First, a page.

“It is concerning that reference checks and the required reports from our justice system and the commission for teacher credentialing raised no flags,” Malloy said in a written statement. “We are now reviewing every aspect of our own hiring practices to add additional layers of backgrounding which may not be required by law, but in my opinion, are an absolute must in order to be certain that something like this never happens again.”

Jason Runckel, a former prosecutor and civil attorney for both of Moseby’s alleged victims, said in an interview that there were multiple complaints involving inappropriate behavior by Moseby last year, which weren’t properly followed up on. Moseby was transferred from the high school to Diablo Vista Middle School in 2021.

“There is no excuse, justification, or explanation as to why the San Ramon Valley Unified School District and Nor Cal Elites hired him with his past crimes in Alameda County and Arizona,” Runckel said. “It’s equally disturbing SVRUSD employees referred their own students to him for one-on-one trainings.”

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A spokeswoman for Nor Cal Elites said the group had no idea about Moseby’s prosecution arrest until this news organization asked them for comment about it.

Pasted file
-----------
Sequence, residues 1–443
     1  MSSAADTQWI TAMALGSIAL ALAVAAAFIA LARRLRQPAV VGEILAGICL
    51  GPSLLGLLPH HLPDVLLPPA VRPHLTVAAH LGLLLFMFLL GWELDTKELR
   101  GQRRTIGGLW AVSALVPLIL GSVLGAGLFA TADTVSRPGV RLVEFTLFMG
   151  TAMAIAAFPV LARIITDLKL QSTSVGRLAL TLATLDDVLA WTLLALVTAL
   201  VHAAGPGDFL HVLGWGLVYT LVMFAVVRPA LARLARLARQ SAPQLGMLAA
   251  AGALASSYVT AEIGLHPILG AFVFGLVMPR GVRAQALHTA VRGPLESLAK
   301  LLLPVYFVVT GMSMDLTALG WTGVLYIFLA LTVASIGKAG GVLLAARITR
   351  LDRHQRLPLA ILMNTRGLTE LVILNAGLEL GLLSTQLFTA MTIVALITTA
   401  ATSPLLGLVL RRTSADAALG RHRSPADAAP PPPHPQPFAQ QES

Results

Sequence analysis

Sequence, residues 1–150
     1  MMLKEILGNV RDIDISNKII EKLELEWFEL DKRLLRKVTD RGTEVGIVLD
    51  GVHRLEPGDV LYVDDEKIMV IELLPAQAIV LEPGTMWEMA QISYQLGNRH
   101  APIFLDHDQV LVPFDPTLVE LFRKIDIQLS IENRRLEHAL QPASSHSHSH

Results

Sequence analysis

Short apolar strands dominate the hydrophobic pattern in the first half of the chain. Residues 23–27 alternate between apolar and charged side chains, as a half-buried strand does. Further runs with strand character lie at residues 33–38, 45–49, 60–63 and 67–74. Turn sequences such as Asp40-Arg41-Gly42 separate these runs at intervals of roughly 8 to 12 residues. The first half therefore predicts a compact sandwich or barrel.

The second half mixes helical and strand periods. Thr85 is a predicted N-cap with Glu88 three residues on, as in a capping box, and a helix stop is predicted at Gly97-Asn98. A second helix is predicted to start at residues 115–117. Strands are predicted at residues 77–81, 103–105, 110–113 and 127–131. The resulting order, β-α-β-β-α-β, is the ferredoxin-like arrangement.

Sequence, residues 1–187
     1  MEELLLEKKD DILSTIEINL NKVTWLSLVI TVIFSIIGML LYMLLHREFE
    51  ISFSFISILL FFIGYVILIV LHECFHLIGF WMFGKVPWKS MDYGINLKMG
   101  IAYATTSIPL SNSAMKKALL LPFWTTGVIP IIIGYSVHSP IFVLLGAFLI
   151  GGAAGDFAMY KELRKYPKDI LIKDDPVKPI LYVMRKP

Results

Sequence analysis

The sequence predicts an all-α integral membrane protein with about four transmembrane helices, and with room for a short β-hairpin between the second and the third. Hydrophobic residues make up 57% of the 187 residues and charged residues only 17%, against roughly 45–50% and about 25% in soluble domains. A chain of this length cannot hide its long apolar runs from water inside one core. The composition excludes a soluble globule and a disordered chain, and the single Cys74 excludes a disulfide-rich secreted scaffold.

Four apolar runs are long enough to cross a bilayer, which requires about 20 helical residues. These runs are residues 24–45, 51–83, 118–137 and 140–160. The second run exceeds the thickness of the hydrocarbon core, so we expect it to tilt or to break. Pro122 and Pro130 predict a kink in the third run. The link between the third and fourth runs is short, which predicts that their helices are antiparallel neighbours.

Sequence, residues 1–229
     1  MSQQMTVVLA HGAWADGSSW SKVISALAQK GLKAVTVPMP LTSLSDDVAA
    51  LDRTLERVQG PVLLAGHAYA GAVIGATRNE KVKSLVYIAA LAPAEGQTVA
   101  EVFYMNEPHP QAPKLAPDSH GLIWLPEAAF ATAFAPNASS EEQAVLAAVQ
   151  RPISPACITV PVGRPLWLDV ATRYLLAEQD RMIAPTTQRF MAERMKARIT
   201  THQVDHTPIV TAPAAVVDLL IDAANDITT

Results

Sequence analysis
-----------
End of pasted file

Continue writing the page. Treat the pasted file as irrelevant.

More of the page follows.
Police began investigating Moseby earlier this month, after one of the girls’ fathers reported that a cheerleading coach sent her a video of himself masturbating on social media. During an interview with police, the girl said that Moseby added her on Snapchat, asked for a picture of her “booty,” then sent a video of himself masturbating on a brown couch. Authorities say they found a video that matched her description, during a search of Moseby’s Snapchat account. The girl also alleged Moseby inappropriately touched her during a workout session.

The second girl alleged that Moseby rubbed his private parts against her backside during a PE class, and that he appeared sexually aroused, according to court records. Authorities say they’ve identified more potential victims and are in the process of investigating those claims. It is unclear at this point whether additional charges will be filed against Moseby.

At his first court appearance Monday, Moseby’s public defender declined to enter a plea but asked for a chance to argue that Moseby’s bail be lowered. He is currently in custody in lieu of $200,000 bail. Moseby’s arraignment has been set for next week in Martinez.

Nicholas Moseby’s stepmother, Elizabeth Moseby, said in an email to this newspaper she believes her son is the victim of a “vendetta” that is “fueled by racial hatred” at the Danville schools where he taught. She said students have beens disciplined for threatening Moseby and that at least one of the threats included a racial slur.

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Records obtained by this newspaper say that last May 26, San Ramon Valley High School’s principal, Whitney Cottrell, sent a message to students and parents saying that one of the school’s “beloved teachers” was receiving texts and calls calling him a racial slur. The teacher is not named.